Containers are also more flexible. As demand grows you can add servers. With the traditional cloud-based virtual machines, you try to use the smallest server reasonably possible for an application to run, to lower the cost as much as possible. With a containerized environment, the best approach is to go with bigger-sized machines with more CPU and more memory, and then run more containers on fewer servers. In the end, you end up saving a lot of money this way.
Can you talk a little bit about some of the challenges you had to overcome in order to run stateful services on containers?
A few years ago, when we started playing with Docker, we identified pretty quickly that it’s easy to containerize applications but the management of those containers can be quite a nightmare. So we first started looking for a service that would help us manage the containers and we ended up with Rancher.
Once we had settled on a scheduler, however, we noticed that containers provide an excellent means to manage compute resources, like CPU and memory.
But persistent storage management is fairly limited. Which is kind of funny because persistent storage is one of the key elements to any solution.
For persistent storage, we were looking for something that was easy to deploy, easy to manage, easy to integrate via Docker Compose, and of course, integrated with Rancher. We looked at different solutions, including Amazon’s EFS (Elastic File System), and Portworx.
We ended up choosing Portworx for persistent storage because it addresses all of those needs, including easy deployment and management. One of the things also we also really like about Portworx is that it provides on-demand snapshots of volumes. We don’t have to stop applications or leave volumes offline in order to be able to take consistent snapshots.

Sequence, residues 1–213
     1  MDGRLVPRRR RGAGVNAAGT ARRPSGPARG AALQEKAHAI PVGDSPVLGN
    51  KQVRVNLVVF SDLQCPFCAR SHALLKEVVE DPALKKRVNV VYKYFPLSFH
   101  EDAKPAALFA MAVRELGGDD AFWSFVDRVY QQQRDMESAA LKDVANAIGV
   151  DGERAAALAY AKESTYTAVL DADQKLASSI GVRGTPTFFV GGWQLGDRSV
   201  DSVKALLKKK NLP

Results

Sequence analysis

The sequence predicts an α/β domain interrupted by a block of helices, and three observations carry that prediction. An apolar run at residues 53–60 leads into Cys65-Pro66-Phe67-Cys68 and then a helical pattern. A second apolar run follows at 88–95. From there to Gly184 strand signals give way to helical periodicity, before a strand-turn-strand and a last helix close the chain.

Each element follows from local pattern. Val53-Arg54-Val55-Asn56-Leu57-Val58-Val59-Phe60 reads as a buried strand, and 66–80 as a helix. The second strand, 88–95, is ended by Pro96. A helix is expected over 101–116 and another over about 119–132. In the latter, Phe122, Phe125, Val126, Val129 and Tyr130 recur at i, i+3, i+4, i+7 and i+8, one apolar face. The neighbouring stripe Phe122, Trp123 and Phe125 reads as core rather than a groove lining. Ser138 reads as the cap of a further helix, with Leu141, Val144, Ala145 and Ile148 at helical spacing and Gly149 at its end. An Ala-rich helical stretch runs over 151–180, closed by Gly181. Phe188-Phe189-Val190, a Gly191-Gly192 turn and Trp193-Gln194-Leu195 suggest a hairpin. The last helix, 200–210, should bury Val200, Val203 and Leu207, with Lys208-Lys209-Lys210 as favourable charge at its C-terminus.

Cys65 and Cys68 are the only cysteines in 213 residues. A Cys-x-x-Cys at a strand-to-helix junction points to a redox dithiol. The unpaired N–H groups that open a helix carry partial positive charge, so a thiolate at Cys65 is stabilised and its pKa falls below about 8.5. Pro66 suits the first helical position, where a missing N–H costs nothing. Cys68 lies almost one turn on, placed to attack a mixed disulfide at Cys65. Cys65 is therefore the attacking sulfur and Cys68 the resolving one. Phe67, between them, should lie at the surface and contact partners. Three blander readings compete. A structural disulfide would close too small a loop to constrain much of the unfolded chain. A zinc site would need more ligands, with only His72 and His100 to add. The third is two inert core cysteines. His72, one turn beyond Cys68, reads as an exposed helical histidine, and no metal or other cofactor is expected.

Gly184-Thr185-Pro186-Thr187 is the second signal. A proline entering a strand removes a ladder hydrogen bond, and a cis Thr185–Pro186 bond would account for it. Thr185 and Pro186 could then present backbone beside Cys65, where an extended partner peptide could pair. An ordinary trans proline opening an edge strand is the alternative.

Additionally, Portworx provides us with cloud-based snapshots that we can store in a low-cost object storage environment like S3 that we can access in case we need to restore data that’s been lost. This is great for disaster recovery.
Portworx was one of the key elements needed to make sure our Container-as-a-Service offering is viable. We needed to be able to tell our customers, “We have something that you can trust, with high availability, and relatively low cost. And we can provide you with even better service in this container environment than we could use traditional cloud services.”
You mentioned exploring Amazon EFS for persistent container storage. Why didn’t you choose EFS in the end?
We offer cloud-based services that are automatically scalable. This means that we scale out our containers based on load.
Many of our customers’ workloads, especially, CMS workloads like WordPress or Magento require volumes that can be accessed, and written to, by multiple containers at the same time. In effect, when you scale out, you will have more than one container running the same application that has to share the same data. So regardless of which container you’re being served by, you’re actually dealing with the same information. The shared aspect of storage was one of the key things that we were trying to address when we were looking at services like EFS. EFS is a great solution, we really like it and use it quite a bit for some applications. But there were two issues with EFS that meant it wasn’t the right solution for containerized WordPress, Magento and other apps that require shared volumes: performance and lack of easy-to-use snapshots.
We benchmarked EFS against Portworx and Portworx was about twice as fast for a typical workload.